Earlier, the tephra lined the Kukadi riverbanks across 12 villages, with Bori Budruk having the highest concentration. It is now coating some stretches of the bank, and is patchy.

In his 60s, Ranjan Jadhav from Bori Budruk, said they never thought the sandy substance they saw near the river would be so significant.

The Kukadi river flowing through Bori Budruk is used by the villagers for domestic purposes and agriculture. The community maintains a watch for pollution, sand mining and even visitors coming to the river bed. Photo by Manjula Nair.
The Kukadi river flowing through Bori Budruk is used by the villagers for domestic purposes and agriculture. The community maintains a watch for pollution, sand mining and even visitors coming to the river bed. Photo by Manjula Nair.

Reminiscing on the earlier days, he said, “People used to walk down to Bori Budruk from Narayangaon about 16 km away. There was no road, nor any vehicle. A handful had cycles. We would spot Mishra, but nobody gave her a second glance. At that time, we never really knew that it would be something so big. It’s 34 years since then and now ‘tephra’ is a word that’s part of our common tongue,” he chuckles.

Sudha Vaddadi a geological consultant who was formerly associated with the Geological Survey of India (GSI), says the villagers are doing an exemplary job of conservation. In June 2019, when the villagers had convened a meeting with stakeholders for suggestions on conserving the site, Vaddadi was one of the experts who was called in, along with Rajguru and Mishra.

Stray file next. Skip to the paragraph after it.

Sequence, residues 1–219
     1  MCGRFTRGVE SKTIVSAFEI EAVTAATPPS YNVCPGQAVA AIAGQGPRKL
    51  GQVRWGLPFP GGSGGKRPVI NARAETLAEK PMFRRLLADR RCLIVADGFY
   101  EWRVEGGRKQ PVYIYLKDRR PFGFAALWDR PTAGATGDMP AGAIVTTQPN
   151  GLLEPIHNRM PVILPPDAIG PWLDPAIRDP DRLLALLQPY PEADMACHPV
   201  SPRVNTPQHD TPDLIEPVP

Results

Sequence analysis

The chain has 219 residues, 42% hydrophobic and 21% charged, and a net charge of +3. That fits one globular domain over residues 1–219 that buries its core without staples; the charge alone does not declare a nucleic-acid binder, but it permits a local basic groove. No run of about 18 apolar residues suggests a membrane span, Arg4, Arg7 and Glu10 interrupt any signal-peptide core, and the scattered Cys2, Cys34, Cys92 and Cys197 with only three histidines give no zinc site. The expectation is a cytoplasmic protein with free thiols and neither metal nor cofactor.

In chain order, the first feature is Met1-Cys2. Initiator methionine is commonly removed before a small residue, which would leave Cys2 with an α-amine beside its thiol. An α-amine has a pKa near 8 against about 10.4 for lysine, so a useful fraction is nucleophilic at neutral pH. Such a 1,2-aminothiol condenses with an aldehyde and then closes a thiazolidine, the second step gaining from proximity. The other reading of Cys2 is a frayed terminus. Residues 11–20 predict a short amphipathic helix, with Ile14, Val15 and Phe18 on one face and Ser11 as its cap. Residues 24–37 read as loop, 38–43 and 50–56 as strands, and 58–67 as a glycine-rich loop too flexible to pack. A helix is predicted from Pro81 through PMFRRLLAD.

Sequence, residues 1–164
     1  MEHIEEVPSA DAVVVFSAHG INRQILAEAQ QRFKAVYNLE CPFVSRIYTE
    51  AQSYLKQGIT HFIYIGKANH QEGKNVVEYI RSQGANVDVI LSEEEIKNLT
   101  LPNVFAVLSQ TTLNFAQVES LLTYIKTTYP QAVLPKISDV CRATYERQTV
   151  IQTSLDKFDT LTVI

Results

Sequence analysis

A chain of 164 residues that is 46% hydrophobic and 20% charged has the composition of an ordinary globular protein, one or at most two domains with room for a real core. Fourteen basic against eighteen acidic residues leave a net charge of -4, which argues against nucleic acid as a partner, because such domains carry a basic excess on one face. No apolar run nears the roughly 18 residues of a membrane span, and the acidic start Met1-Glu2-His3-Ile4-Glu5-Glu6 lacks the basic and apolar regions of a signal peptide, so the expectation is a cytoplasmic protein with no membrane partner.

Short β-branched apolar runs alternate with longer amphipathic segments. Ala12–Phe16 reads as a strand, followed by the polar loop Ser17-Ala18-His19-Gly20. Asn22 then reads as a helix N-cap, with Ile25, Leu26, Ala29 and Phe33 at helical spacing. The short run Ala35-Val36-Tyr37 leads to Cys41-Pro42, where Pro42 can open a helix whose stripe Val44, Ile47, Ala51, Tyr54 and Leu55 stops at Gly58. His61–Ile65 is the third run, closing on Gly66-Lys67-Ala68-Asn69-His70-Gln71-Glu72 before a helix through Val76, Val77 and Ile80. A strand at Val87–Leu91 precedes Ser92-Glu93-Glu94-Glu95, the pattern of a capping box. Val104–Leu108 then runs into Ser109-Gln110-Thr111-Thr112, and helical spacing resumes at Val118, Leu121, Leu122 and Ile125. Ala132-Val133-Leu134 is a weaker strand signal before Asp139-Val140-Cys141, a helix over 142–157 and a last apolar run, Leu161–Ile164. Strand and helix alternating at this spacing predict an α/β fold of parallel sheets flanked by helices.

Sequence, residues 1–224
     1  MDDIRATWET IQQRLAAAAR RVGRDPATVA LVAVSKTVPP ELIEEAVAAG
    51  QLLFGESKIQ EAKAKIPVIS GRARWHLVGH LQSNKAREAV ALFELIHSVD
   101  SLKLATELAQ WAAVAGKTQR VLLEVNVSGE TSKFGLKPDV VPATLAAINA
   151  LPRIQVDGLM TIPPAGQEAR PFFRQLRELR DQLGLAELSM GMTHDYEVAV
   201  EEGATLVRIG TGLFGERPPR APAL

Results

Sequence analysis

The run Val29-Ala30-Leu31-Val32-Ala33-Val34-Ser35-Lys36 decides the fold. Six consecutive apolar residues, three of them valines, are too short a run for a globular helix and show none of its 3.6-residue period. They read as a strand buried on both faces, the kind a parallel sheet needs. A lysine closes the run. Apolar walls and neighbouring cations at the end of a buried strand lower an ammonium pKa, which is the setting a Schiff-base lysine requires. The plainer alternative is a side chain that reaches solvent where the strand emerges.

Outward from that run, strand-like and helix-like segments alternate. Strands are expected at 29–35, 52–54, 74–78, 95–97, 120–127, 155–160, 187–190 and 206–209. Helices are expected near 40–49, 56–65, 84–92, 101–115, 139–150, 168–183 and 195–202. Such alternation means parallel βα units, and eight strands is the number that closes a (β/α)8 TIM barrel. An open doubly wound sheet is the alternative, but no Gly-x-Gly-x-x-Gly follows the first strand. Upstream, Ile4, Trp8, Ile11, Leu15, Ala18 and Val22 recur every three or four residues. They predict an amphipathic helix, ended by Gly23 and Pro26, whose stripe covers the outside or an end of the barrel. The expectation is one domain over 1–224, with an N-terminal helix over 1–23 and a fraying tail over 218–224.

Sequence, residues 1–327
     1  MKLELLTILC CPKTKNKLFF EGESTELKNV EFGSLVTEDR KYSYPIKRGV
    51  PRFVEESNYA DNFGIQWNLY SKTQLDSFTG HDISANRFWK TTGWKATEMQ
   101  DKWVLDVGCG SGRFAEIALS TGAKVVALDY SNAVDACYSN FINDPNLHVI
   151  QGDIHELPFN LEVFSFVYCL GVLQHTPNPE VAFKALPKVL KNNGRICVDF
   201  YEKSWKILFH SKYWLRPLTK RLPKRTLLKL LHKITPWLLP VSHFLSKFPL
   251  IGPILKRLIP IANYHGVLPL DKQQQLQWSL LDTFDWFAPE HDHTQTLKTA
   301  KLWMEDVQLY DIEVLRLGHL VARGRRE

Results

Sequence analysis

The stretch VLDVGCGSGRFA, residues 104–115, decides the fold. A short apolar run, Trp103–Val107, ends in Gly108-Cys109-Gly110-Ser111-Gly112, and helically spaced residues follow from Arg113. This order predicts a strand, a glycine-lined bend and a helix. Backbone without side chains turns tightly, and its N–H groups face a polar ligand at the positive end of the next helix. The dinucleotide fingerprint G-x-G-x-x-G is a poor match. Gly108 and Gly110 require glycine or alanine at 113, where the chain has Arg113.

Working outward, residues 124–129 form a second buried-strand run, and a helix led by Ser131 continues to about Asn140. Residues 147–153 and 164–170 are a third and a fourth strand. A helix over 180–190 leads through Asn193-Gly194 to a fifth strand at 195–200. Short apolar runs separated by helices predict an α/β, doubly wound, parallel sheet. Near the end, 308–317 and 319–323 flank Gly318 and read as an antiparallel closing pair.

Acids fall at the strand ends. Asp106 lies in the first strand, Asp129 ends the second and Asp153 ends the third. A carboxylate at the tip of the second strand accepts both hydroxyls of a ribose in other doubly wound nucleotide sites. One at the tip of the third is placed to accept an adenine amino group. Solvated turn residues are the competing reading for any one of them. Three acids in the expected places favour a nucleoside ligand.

“They are doing commendable work trying to protect this heritage site, and transform it into an eco-tourism spot. Unfortunately, in India not much is done in terms of heritage conservation and protection. Most of these sites are dilapidated and their significance is undervalued. For the villagers to come together and do so much is very inspiring,” she said.

Jadhav is now worried about the legacy of the tephra. “Here, the tephra is the stuff of local lore. All the little children know about this. Our generation didn’t know, and we didn’t do much to protect it. The current generation is doing the best they can. Let’s hope it will be enough.”


Read more: People power to clean up Pune river bit by bit


Illustration by Svabhu Kohli, an independent visual storyteller based in India. Deeply inspired by the natural world and its mechanics, in recent times, their practice focuses on the intersection of magical-realism; collective memory and storytelling as a tool to understand our relationship with the universe and its complex life forms. 

Article published by Aditi
,

Print button
PRINT